See the Official Git Documentation for details.
Why should clients care about GitLab vs. GitHub?
Web development clients should care if their web development agency is using Git. It is a filing cabinet for code so you can go back to see what was done. However, it also provides a way to see code taking shape into a project (if you’re into that sort of thing). It was originally developed in 2005 by Linux devs, including Linus Torvalds. It is free under the GNU General Public License.
GitHub builds on Git. It was released to the public in early 2008 and became a Silicon Valley investment darling. Users embraced the interface and social networking aspects of GitHub: as of this blog post publishing, there are 12 million users. And there are public and private repository options that all live on GitHub’s network.
But when it comes to GitLab, you can host your repositories on your own or third-party servers. Interest in this option has grown in the last few years, and truly spiked in the last year or so.
The latest version of GitLab also boasts many enhancements in performance and features.
How is Git different than a CMS?
A content management system (CMS) is not antithetical to Git. The latter is has version control as its primary function, while the former has its primary function rooted in maintaining content without the need for background knowledge in coding websites. However, some content management systems do have a type of version control (like PINT’s proprietary CMS, PWP), But they are not as robust as the options within Git.
How is GitLab different than GitHub?
Functionally, GitLab and GitHub share most feature-sets, the biggest difference is that the UI’s (User interfaces) are different. GitLab embraces a left-hand side navigation bar, whereas GitHub prefers to place navigational elements horizontally.
GitLab can be self-hosted whereas GitHub cannot, and GitLab includes many useful integrations out of the box, such as Continuous Integration (also self-hosted), whereas GitHub will point you to additional third party services.
What are the advantages of GitLab over GitHub?
If you self-host GitLab the advantages are many:
- Your data/code never leaves your corporate firewall
- Less proprietary lock-in, you are not dependent on GitHub’s release schedule, features (private repos), or uptime.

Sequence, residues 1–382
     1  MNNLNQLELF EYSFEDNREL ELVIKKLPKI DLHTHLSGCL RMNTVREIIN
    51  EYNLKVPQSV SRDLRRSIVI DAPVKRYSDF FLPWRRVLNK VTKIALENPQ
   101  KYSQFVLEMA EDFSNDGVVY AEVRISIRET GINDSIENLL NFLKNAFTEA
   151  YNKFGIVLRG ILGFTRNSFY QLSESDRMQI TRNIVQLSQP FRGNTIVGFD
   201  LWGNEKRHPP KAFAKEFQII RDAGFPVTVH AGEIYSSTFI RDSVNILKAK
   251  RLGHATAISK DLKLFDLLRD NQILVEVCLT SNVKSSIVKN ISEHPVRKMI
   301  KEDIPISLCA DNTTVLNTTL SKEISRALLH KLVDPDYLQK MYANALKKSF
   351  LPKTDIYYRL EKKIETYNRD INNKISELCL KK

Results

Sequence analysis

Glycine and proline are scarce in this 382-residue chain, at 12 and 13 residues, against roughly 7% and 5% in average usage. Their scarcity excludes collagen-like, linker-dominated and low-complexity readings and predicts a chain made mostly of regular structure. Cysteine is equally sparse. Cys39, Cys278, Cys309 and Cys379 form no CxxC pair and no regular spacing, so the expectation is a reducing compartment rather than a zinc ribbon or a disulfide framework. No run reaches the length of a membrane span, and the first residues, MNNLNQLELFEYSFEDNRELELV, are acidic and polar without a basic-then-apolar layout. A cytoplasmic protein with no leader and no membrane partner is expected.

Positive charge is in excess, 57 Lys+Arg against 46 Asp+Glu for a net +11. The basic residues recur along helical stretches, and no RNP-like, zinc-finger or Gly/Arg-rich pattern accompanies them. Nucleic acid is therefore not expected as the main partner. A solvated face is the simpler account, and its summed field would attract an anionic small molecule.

- GitLab is free (as in freedom and beer)
- GitLab Workflow (Issues, Milestones, Merge Requests, etc)
Why is PINT using GitLab?
Yes. We have migrated from GitHub to GitLab.
We were approaching the max private repository limit for our service level, an upgrade would have doubled our monthly costs for GitHub. So the investment in GitLab was balanced out by the possibility of an expensive monthly GitHub subscription.
In addition, some people feel much more comfortable not outsourcing PINT-proprietary code/intellectual property. GitLab addresses this concern. We can also speed up deployment and testing because the majority of our developer toolset now lives inside of our datacenter.
What’s the Advantage for PINT clients?
Moving into GitLab posed a great opportunity for the PINT team to clean up our existing repos and enforce guidelines and standards for revision control. With a repo for every client/project, we can use GitLab as a central source of truth for code and assets, rather than having them separated. This will help eliminate any confusion on client projects when team resources shift.
Plus, the nature of Git’s snapshots saves on the storage point. We immediately have a record of code changes. And we immediately have backups. Admittedly, that is not the point of Git – true backups happen at a snapshot or filesystem level on the server. Nonetheless, if a major site revision is under way, we have the old site in previous commits so we can revert if needed.
GitLab vs. GitHub
Git is a great tool. It has its shortcomings. But many things do (like the ears on GitHub’s logo). Despite their small differences, GitLab vs. GitHub is less a comparison of the two services, and more a comparison of your current and desired environments and management styles for website and software development.
Updated April 19, 2016 to address differentiation between GitLab vs. GitHub.